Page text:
07:22 The two events closely correlate
07:25 such as the drowning in swimming pool
07:27 and Nick Cage the movies Nick Cage starred
07:31 doesn't mean that one causes the other
07:33 or that even one has anything to do with the other.
07:37 Okay, it might and scientist and people
07:41 and every day do they look at correlation,
07:44 try to discover causes but that doesn't mean
07:48 the correlation is the cause.
07:51 And the million dollar question
07:54 of science is how do you determine
07:58 if correlation is or isn't a cause.
08:01 Sometimes it is, some times it isn't
08:05 but how do we know the difference?
08:08 Now the correlation is not causation,
08:11 argument can be a very powerful argument.
08:16 After all as we just saw the correlation
08:19 between margarine and divorce
08:21 and clearly one is not the cause of the other.
08:26 But you know, the tobacco industry
08:29 for decades for as long as it could get away
08:31 with argued against the causation.
08:34 It argued used the causation
08:37 is not correlation argument against the correlation
08:41 between smoking and the diseases
08:44 that are believed to be caused by smoking.
08:48 With this the marriage
08:50 the margarine divorce correlation
08:53 and yet we-- and yet scientist working
08:56 for big tobacco tried to disk
08:58 the cancer cigarette correlation as well.
09:02 I mean, after all George Burns smokes cigars
09:07 and George Burns lived to be 100 years old.
09:12 But anyway the point is correlation is not causation
09:17 except when it is causation.
09:20 And so the big question for science is,
09:22 how do we know?
09:24 How do we know that our theories match
09:26 and explain the facts on the ground?
09:28 How do we know that our understanding,
09:30 our explanations of causes are correct?
09:34 How does scientist know that their data
09:37 and that their interpretation of the data is right?
09:41 You know, I recently saw something on Twitter.
09:44 It showed a flood in Saudi Arabia.
09:49 A flood in Saudi Arabia, I mean, come on.
09:53 If that is it more proof of global warming what is?
09:58 I mean, if that doesn't clinch the argument
10:01 for global warming what does?
10:03 Talk about proof, the only problem,
10:06 the only problem the flood occurred
10:09 in Saudi Arabia in 1941 long before
10:14 we were supposedly destroying
10:16 the world with our carbon footprint.
10:18 Now here's the point here.
10:20 I don't want to get into this global warming
10:23 debate one way or the other.
10:25 Only I do find it very spurious, very silly
10:31 that every time there is an exceedingly hot day
10:34 or there is a new storm,
10:35 or there is some extreme in weather
10:38 we are sure by the people who know this more proof,
10:42 this is more evidence of global warming.
10:46 Now if you been-- maybe they are
10:48 maybe they aren't
10:50 but the fact proving things in science
10:53 is despite all of the hype to the contrary
10:56 a very problematic, very, very subjective exercise.
11:02 See, if you've been following this program,
11:05 if you've been following this series at all
11:07 you will see, you will have seen that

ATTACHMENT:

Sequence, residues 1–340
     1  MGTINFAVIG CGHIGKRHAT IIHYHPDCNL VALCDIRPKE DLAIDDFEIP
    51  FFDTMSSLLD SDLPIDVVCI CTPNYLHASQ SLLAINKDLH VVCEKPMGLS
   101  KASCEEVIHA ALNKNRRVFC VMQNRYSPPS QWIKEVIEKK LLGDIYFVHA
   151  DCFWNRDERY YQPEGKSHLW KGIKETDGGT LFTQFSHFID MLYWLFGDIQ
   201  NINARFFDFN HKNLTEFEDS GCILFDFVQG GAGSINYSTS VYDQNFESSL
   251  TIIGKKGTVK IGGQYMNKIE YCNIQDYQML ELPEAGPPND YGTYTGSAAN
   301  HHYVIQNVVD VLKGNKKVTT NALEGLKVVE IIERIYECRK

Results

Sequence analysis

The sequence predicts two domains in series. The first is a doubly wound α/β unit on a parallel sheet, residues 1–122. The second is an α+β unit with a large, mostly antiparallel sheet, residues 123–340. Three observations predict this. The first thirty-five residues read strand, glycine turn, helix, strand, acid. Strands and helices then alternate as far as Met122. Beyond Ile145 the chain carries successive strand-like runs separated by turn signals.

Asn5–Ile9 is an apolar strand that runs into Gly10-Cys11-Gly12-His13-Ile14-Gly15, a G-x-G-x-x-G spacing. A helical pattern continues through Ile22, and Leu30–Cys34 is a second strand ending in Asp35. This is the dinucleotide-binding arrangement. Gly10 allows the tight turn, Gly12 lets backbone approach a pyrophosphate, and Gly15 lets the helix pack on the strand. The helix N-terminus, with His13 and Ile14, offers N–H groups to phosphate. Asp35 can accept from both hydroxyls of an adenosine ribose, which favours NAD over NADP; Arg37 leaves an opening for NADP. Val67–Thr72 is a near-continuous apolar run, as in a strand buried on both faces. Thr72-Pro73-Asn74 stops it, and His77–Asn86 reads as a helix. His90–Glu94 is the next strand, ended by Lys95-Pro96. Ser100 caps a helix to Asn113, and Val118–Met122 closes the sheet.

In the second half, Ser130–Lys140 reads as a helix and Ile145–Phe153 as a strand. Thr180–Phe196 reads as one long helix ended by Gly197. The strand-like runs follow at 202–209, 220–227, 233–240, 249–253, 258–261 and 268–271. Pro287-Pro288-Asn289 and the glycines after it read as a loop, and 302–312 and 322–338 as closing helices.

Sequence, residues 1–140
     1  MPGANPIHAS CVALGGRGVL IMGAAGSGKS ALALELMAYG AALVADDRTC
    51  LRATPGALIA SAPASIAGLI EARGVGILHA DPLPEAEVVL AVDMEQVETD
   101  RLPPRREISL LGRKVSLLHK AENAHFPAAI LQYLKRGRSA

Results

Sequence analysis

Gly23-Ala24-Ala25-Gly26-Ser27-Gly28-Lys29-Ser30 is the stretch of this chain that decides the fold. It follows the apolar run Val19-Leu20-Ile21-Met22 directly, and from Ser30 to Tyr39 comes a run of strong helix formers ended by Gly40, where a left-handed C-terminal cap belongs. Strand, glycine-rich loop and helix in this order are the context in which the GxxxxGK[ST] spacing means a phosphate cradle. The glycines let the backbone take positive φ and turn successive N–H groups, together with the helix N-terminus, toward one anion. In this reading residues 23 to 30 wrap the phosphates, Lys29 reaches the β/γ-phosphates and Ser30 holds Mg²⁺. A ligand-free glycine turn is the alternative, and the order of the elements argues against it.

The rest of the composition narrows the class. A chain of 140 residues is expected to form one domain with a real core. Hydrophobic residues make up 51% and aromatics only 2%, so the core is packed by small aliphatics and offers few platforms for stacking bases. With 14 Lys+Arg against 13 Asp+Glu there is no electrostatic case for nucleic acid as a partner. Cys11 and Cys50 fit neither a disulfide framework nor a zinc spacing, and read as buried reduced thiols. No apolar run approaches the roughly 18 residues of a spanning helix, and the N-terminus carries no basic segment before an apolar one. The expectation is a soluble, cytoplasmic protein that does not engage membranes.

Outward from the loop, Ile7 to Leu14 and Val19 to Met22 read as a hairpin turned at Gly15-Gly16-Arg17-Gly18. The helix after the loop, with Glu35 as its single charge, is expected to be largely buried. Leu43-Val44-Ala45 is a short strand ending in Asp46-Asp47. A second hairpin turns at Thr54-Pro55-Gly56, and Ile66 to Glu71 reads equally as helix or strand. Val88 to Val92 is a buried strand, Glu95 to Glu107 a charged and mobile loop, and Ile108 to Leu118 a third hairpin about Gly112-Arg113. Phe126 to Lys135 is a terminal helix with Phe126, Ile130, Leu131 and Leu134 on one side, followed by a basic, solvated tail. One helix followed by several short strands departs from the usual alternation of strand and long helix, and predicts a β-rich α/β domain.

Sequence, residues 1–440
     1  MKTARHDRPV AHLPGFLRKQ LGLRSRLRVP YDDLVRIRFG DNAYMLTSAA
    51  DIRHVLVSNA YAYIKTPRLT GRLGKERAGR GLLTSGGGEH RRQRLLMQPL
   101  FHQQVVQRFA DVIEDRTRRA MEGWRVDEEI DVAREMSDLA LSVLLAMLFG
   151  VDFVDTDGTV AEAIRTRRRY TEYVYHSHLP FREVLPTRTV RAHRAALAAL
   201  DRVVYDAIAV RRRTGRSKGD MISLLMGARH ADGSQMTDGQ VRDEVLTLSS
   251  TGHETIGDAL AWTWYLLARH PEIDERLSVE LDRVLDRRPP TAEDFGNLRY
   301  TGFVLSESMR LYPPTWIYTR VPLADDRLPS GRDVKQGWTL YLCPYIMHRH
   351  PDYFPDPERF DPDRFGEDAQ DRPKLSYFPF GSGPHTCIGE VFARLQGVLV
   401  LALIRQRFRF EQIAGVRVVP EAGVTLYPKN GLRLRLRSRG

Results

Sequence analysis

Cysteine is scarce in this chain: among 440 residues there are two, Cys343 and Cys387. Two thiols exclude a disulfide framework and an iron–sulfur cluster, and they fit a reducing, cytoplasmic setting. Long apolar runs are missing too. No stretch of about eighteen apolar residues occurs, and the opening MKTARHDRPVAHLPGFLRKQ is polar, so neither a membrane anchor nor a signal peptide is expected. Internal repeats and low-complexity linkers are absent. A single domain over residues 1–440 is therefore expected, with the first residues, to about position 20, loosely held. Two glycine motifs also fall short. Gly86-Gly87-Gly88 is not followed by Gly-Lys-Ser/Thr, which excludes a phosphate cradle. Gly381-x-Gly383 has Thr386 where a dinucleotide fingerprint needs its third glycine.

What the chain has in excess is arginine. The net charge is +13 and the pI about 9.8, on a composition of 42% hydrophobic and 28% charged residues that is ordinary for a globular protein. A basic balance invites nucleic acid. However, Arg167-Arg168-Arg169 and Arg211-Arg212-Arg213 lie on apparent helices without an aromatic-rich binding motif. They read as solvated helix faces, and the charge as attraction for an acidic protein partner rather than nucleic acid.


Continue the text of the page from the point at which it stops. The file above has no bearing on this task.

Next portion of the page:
11:09 science is not this clear cut objective pursuit of truth
11:15 that it's often been portrayed as.
11:18 On the contrary almost from the time science
11:21 or what was called natural philosophy was practiced.
11:25 Questions has arisen about just what it does?
11:29 How it does, what it does?
11:31 And what does it tell us?
11:32 And how much of it can we really trust?
11:36 You know, as you know here we are,
11:38 we are in the 21st century
11:40 and we are living with many of the great
11:42 and sometimes not so great technological fruits of science
11:47 and the amazing thing is
11:50 these questions still remain unanswered.
11:55 There is nil, there is still no real consensus
11:58 about what true science is
12:01 or what the scientific method entails
12:03 or what science really does teach us about the world.
12:09 And I want to give you one important example
12:11 of the limitations of what science tells us.
12:15 A limitations that scientist have been
12:17 aware of for centuries that men like Francis Bacon
12:21 and Rene Descartes and Isaac Newton
12:24 these are men from hundreds of years ago
12:27 were aware of and to do
12:30 so I want to talk about something
12:31 that I talked about in an earlier lecture
12:34 but in an earlier program we're going to whip through it.
12:38 You know, I talked how I was raise
12:40 and educated on evolution.
12:43 Taught it my whole life,
12:45 then one day I became a born again believer in Jesus
12:49 and almost from the start I saw that
12:51 there was a contradiction between what I believed.
12:57 Well, somebody gave me some creation as literature
12:59 and as I said I didn't know
13:01 if the stuff was any good or not.
13:05 But what happened was this,
13:08 as I read it the scales came off my eyes
13:11 because as I said for the first time in my life
13:15 I was open to the idea
13:18 that there was an alternative explanation
13:21 to the facts in the ground.
13:23 As I said no one is going to deny
13:25 the dinosaur bones in the ground.
13:28 But for the first time-- I was 24 years old
13:31 and for the first time I was taught that
13:34 there was another option to explain them
13:37 other then the Darwinian one
13:39 that I had been imbued with,
13:41 that I had been propagandized with that.
13:43 I believe that I had been brain washed with
13:46 since I was a child, okay.
13:50 Now remember some argue that
13:51 science does tell us about the real world,
13:54 others argue that either that it can tell us
13:57 only what things do in the real world.
14:00 And if you have seen one of the earlier shows
14:03 some tell us it can all science can do is tell us